A study published in the American Heart Association (AHA) journal Stroke showed that women with preeclampsia run a higher risk of pregnancy-related stroke.
“Preeclampsia is a very complex disorder that’s not completely understood,” Dr. Eliza Miller, study lead author and New York-Presbyterian Hospital/Columbia University Medical Center vascular neurology fellow, said in a release. “Our study sought to discover if there are other risk factors or clues that may help identify the women with preeclampsia who are at the highest risk for pregnancy-related stroke. We were looking for risk factors that could be prevented or treated.”
The study examined the records of 88,857 preeclampsia patients from 2003 through 2012 in New York State hospitals. It found that 197 of those patients had pregnancy-associated strokes. The women who suffered a stroke were seven times more likely to have severe preeclampsia or eclampsia than those who did not have a stroke. In addition, they were three times more likely to have an infection, particularly a urinary tract infection, preexisting high blood pressure or other clotting or bleeding issues.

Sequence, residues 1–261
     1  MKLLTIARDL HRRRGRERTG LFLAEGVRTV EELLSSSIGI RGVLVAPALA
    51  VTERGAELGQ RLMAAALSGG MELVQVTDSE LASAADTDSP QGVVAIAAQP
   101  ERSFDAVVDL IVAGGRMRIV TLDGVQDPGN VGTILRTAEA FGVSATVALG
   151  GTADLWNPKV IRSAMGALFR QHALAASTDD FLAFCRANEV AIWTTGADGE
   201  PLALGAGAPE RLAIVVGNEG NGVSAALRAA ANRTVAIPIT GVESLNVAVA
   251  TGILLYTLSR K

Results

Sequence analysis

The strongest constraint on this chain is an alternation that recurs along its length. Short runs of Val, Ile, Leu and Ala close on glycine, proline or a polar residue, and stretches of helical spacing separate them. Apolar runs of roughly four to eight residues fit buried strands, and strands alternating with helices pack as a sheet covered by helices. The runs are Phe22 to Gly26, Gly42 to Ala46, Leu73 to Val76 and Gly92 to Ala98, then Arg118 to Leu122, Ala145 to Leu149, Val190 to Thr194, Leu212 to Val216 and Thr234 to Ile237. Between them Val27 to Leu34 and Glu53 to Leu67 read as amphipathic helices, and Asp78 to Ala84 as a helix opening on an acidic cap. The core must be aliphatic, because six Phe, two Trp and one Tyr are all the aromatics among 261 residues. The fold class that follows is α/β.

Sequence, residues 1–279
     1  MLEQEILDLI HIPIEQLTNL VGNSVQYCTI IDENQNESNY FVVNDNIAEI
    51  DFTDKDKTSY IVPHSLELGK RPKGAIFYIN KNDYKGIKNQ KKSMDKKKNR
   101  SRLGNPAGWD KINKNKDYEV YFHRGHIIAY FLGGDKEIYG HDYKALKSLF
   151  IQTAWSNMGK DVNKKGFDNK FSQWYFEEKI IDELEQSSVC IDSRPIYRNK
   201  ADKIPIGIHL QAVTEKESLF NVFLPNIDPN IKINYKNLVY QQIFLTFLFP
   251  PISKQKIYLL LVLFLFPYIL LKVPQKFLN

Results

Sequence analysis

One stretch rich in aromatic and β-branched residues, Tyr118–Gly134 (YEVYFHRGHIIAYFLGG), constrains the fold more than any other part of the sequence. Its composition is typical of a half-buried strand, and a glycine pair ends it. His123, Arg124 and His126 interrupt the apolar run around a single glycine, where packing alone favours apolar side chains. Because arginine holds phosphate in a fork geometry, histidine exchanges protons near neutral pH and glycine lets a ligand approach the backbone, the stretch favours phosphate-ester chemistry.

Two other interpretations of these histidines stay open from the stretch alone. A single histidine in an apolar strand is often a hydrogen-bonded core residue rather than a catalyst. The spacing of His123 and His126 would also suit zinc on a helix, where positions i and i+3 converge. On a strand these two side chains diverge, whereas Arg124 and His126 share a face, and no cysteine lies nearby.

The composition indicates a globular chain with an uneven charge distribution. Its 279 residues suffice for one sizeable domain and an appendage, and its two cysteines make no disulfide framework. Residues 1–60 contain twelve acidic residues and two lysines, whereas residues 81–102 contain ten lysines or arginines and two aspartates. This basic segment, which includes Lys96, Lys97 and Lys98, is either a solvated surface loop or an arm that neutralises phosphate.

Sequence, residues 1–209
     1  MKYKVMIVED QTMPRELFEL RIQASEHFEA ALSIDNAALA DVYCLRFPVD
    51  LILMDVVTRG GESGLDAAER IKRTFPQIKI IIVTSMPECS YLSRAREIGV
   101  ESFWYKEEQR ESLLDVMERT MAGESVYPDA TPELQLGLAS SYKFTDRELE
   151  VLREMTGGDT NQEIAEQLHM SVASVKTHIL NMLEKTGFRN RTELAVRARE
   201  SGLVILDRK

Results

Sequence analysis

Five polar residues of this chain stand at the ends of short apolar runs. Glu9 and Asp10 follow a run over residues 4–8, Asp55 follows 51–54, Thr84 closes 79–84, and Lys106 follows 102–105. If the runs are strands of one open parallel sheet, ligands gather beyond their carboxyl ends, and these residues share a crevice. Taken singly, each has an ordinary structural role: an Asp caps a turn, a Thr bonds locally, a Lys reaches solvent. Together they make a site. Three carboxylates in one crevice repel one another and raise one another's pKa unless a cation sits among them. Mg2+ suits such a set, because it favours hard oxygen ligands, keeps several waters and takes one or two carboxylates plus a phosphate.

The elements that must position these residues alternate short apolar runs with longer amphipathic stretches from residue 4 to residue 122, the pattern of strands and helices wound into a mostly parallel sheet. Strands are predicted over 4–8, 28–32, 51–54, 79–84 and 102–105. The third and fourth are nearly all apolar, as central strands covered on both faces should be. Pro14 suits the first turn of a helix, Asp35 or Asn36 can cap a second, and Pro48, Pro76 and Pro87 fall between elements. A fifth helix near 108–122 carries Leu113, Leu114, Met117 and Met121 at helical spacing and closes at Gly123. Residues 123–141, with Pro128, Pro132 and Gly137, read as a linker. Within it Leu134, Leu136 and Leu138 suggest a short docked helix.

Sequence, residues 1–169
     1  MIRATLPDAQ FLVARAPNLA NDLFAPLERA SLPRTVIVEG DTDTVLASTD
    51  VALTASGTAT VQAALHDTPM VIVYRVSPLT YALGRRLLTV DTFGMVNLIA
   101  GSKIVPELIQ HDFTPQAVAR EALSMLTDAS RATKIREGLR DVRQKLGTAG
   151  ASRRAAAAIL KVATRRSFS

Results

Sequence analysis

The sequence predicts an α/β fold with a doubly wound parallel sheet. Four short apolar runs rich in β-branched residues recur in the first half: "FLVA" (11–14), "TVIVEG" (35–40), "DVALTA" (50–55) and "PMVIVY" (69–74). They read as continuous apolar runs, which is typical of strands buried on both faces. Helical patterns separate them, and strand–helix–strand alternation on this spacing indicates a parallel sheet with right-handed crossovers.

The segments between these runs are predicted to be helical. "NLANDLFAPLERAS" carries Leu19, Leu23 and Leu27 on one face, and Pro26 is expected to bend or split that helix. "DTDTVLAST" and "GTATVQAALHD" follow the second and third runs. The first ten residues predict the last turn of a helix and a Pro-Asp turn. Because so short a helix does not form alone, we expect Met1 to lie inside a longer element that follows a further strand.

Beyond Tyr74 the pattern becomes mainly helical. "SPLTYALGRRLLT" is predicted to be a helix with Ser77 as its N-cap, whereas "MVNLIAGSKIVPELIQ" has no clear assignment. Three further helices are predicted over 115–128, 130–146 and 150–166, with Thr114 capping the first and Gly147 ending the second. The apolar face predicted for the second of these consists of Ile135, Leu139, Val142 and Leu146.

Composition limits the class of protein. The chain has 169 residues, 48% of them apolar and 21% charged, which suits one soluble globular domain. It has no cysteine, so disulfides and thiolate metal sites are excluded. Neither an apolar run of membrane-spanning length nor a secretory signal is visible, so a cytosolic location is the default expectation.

More than one in 10 of the strokes were fatal. Most strokes occurred after the women were released from the hospital after delivering their babies.
“Preeclampsia is a very common disorder, and a lot of people are not aware of its association with stroke,” Miller said in the release. “Women with preeclampsia should take any neurological symptoms, such as severe headache, very seriously, especially during the postpartum period. This needs to be a major focus of future stroke research in women.”